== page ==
This is the latest in a series of articles that explains, in plain English, new technology tools and platforms that are changing the face of digital media. See other entries here.
Facebook is under fire from some of the video creators whose content has helped the social network emerge as a social video powerhouse.
In the past year, Facebook has grown from 1 billion to 8 billion views per day. In doing so, the platform has established itself as a potential rival to YouTube. But while a lot of people might be watching — or at least scrolling by — autoplay videos on Facebook, many of those videos shouldn’t be there in the first place. It’s a real issue, and it has a name: freebooting.
WTF is freebooting?
It’s a form of piracy. Freebooting is whenever a Facebook user uploads a video they don’t have the rights to. It is different from, say, posting a link to a YouTube video to your wall.
And why is this a problem?
There’s a concern that the practice cannibalizes viewership for a video creator, who might be monetizing that piece of content on other platforms like YouTube. If a Facebook user freeboots the same video, there’s no compensation. Also, if you see a video on Facebook, you’re less likely to watch it on YouTube or elsewhere.
“We’re seeing a good portion of [Facebook’s] video content uploaded by fans, not the content owners,” said Shahrzad Rafati, founder and CEO of BroadbandTV. “Individual creators and major media companies need to be put back in control and they need tools and solutions to track the content, block it or monetize it.”
How did this happen?
Creators argue that Facebook essentially endorsed this practice. By making changes to its algorithm, videos that are uploaded directly to Facebook are more likely to be seen than a YouTube video.
OK, but how often is this actually happening?
It’s difficult to know exactly how widespread freebooting is. One thing’s for sure: Facebook pages that publish non-original content — whether it’s officially licensed or freebooted — perform better than those that only offer original content. According to Tubular Labs, the most-watched original content creator on Facebook in September was BuzzFeed, which generated 562 million views. While that’s impressive, three different Facebook pages known for publishing other people’s videos — Unilad, Shaadow Sefiroth and StreetFX — all did more views than BuzzFeed.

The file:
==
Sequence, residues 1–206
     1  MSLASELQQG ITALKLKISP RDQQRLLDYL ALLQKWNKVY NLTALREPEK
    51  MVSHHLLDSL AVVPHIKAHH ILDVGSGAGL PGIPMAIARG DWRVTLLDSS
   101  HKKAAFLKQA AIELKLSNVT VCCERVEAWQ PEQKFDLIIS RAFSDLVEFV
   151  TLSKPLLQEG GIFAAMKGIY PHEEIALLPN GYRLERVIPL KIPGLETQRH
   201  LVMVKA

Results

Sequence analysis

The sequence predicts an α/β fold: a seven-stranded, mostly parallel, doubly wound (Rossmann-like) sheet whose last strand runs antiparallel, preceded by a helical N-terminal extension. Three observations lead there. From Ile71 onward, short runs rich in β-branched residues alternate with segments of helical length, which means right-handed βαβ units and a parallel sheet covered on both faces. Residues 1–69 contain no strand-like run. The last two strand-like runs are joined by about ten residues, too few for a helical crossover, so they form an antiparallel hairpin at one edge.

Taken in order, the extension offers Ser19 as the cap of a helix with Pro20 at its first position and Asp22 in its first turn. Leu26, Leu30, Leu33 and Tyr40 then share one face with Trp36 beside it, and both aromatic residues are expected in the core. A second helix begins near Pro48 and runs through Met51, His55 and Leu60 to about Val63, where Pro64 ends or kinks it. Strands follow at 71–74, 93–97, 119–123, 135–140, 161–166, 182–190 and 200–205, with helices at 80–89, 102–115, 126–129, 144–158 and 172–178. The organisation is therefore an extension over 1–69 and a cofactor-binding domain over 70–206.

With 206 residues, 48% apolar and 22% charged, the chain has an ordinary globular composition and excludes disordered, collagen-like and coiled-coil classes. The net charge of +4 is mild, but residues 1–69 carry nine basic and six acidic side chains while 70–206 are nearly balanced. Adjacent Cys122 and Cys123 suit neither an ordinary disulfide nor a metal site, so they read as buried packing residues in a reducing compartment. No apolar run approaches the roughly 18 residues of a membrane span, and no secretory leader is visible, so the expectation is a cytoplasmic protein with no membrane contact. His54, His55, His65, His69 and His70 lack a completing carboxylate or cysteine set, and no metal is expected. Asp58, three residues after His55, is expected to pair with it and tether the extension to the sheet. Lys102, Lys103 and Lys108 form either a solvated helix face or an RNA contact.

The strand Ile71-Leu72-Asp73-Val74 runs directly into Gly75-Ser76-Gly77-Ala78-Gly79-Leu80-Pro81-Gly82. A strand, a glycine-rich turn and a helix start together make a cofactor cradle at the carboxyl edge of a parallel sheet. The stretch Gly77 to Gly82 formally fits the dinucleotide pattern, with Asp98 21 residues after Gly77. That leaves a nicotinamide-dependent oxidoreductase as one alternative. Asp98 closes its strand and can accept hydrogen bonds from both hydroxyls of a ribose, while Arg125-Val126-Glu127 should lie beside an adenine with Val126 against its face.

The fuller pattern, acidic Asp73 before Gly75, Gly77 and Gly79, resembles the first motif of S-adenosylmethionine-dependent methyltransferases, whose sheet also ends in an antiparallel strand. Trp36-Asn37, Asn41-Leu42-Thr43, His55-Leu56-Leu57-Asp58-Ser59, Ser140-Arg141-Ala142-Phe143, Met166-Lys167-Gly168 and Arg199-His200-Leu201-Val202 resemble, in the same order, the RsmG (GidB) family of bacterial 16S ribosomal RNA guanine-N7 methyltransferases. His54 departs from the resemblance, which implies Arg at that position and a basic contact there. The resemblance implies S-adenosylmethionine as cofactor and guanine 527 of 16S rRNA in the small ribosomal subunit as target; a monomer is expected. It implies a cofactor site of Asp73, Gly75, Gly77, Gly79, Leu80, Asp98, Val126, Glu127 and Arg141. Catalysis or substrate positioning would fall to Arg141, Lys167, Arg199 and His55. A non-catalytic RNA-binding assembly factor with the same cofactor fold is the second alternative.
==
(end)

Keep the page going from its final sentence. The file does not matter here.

Sounds like it’s time to lawyer up. Can’t imagine major media being OK with this.
That’s the problem. Facebook offers content-recognition tech for companies like Disney and Viacom, who also happen to be Facebook advertisers and happen to have armies of lawyers. Indie creators are on their own. They have to find freebooted videos on their own and request Facebook to take them down.
Didn’t YouTube have a similar copyright issue?
It did. But YouTube now has a system called Content ID, which both large media companies and individual creators can use to ensure that no one is illegally uploading their content. Last November, YouTube said it has already paid content owners more than $1 billion via Content ID.
I imagine Facebook is working on something similar.
When VidCon co-founder Hank Green complained about how Facebook treats video, the company responded and said it has a “team working on it” and expects to share more information later in the summer. In August, Facebook announced that it was working with a handful of digital publishers and media companies to test tech and plans to make it widely available.
“Facebook needs to fix this sooner rather than later,” said one online video insider. “It’s about fairness. It’s about creating an environment where these smaller content providers can prosper in a way that YouTube is already providing — that’s not asking for too much.”
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